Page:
The Amish School teachers visited New Holland Elementary School on February 16, 2011. They requested to observe 1st, 3rd, and 5th grade students learn and to eat lunch in our school cafeteria. At noon, Rachel (Teacher), Mamie (Teaching Assistant), Amanda (Rachel’s sister), Katie (Rachel’s mother and former teacher), and Grace (the “English” liaison), arrived at our school. I welcomed them and spoke with them for a few minutes, giving them an overview of our school. They were grateful for the opportunity to visit as they had never been inside an English school before. The first thing that I felt compelled to explain was that it was “Comfy Sweats Day” in preparation for our awesome Jump Rope for Heart Day, which was the reason for the casual attire. The comment was an ice breaker! I knew that I was conversing with special people; they were warm, open-minded, gracious, kind, and curious to learn everything they could from our time together.
Rachel is a 19 year old teacher of thirty-one students, ages 5-14 years old. I liked her instantly and respected her courage for acting upon her curiosity.
Mamie is a 15 year old teacher’s assistant with Rachel. She was quiet and reserved, but when with the students she established an easy rapport.
Amanda is Rachel’s sister and had been a teacher for “two terms” (I assumed this meant two school years), but she had stopped teaching because she found the students’ behavior too challenging to navigate.
Katie is Rachel and Amanda’s mother, who was a former teacher in an Amish school, and was amazingly liberal and supportive of the visit (risk-taking) and of sharing ideas (collaborating).
And, Grace drives Amish teachers, has grandchildren in our school, and has a great deal of respect for educators – Amish and English alike. She made this special opportunity plausible and I am very grateful to her.
The little group circulated through three classrooms and the teachers and students welcomed them enthusiastically. First graders read their writing to them and were warmly complimented by our visitors. Third grade students allowed each visitor to join a different table and enlisted their skills as a group member during their brainstorming session for writing. Our visitors were introduced to the fifth grade class and observed intervention groups in math and then whole group science instruction. As expected, our students demonstrated the utmost respect and our teachers were extraordinary.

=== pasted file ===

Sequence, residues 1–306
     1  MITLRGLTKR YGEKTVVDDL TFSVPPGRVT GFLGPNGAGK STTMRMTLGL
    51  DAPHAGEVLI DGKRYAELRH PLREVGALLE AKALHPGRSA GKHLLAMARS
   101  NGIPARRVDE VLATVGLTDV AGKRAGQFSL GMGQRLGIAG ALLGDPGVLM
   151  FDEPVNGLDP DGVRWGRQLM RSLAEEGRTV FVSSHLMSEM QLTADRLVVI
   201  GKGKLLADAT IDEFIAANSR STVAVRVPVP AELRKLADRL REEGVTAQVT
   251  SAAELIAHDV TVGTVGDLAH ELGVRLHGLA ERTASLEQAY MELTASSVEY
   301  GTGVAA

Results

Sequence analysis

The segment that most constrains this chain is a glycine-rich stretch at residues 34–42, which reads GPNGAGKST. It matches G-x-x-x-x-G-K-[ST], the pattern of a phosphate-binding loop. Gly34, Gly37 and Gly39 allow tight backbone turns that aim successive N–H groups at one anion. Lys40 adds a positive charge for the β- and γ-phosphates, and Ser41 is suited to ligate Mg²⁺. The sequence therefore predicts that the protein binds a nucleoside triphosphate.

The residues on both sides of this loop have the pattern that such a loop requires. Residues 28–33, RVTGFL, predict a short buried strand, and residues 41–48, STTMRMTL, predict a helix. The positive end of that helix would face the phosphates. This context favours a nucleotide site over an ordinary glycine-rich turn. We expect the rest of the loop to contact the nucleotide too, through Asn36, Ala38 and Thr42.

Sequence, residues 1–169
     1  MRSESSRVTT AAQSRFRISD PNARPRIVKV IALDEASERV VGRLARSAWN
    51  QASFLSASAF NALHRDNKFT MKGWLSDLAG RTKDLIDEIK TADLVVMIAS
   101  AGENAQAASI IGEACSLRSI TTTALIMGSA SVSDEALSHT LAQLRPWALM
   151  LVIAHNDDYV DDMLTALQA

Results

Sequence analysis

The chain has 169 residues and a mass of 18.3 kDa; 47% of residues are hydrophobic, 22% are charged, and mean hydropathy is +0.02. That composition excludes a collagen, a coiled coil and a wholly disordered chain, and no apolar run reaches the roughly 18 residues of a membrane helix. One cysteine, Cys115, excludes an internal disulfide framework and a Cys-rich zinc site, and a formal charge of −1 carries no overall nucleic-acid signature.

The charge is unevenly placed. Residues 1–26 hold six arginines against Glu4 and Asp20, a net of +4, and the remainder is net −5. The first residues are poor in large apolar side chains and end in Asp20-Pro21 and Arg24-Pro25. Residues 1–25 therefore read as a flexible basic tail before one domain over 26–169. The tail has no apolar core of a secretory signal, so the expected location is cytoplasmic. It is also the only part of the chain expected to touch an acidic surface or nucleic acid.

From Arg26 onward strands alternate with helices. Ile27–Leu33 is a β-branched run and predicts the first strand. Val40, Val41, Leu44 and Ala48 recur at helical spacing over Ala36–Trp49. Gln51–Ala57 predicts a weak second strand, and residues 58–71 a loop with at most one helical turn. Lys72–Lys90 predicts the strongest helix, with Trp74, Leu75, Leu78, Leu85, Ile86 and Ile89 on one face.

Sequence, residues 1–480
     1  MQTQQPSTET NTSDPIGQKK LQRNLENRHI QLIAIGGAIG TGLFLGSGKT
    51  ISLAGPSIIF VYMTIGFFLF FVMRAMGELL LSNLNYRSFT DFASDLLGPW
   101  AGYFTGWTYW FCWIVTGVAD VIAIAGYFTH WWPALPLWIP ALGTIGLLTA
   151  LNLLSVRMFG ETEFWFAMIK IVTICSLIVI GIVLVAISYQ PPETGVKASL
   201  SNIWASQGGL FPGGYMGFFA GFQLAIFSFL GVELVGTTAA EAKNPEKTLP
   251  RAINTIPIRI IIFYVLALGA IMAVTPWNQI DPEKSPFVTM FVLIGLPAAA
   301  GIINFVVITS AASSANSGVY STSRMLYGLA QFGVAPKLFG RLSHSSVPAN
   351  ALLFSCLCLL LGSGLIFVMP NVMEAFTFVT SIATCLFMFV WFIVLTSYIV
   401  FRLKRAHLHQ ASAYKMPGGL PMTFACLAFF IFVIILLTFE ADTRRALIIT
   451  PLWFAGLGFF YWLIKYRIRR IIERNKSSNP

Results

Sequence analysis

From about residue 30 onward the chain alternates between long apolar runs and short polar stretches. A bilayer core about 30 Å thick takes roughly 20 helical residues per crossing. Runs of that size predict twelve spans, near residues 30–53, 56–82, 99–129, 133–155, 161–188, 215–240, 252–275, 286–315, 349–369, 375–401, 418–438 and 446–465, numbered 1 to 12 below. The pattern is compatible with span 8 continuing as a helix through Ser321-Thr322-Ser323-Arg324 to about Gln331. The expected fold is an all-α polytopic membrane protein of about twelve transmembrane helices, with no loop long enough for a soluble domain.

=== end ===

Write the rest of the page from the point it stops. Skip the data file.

Katie made a fascinating comment to me while we observed fifth grade, she said, “Although our teaching methods are completely different from this, I can see clearly that the children are learning this way too.” Katie was clearly observing the LEARNING that was occurring – a true 21st century teacher – focused on learning. I then took the opportunity to tell Katie how interested and excited I was to visit Rachel’s school to learn and share with her. She nodded approvingly and promised to be there during our visit to help explain things.
The cafeteria was overwhelming to our visitors and they smiled in amazement at 200 students being served the school lunch within a six minute timeframe. Our guests took several minutes to decide between the Max Stick or Rib Eye BBQ sandwich, but soon made their decisions and brought their trays over to eat with the beckoning first graders. They spoke with the children, with the teacher and with me throughout the lunch time. They were overwhelmed with the concept of organizing a school of 600 children and the task of ensuring that each child learns.
In return, I was overwhelmed with Rachel’s poise and professionalism at a tender age of 19 years old. I admired Katie’s liberal attitude and her focus on life-long learning. I was hopeful that Amanda would gain enough confidence from the visit to perhaps go back to teaching. It is clear that Amish teachers receive very little preparation to be educators. I believe they learn while assisting in the classroom and have some workshops over the summer to prepare for the job.
I asked Rachel what resources she had. She didn’t understand the question. I rephrased the question by asking her what she would do if an 8 year old student was having difficulty learning how to read? Rachel said she would speak with the parents of the child to request their help and support, but hadn’t experienced that problem yet. She continued to explain that her school had a “Board” made up of five parents who supported the teacher when a child’s behavior became overly disruptive, but she hadn’t sought out this type of support either. I surmised that Rachel’s best resource is Katie at this time and I am certain that we can forge our relationship so that New Holland Elementary educators can also serve as a resource in the future.
Rachel explained that her students finish school in May and she would like to spend time in our school from May until June observing and learning. Of course, I welcomed her with open arms. She reciprocated with an open invitation to visit her school any time, which I will arrange and write about soon.
As I reflect on this day in my career, I can truly say that it was one of the remarkable moments. I don’t yet know exactly why this relationship is so important – but I am certain that it is. The Amish rely on children to teach their children. Parent support is crucial to the running of the school. They clearly have a focus on learning and are able to accomplish a great deal with few resources. This is all I know for sure at the moment, but I hope you will help me to find the epiphany in this endeavor by continuing to read.
February 16th was our guests’ day to observe, learn and reflect…I am looking forward to our day to learn more from our Amish colleagues and their students.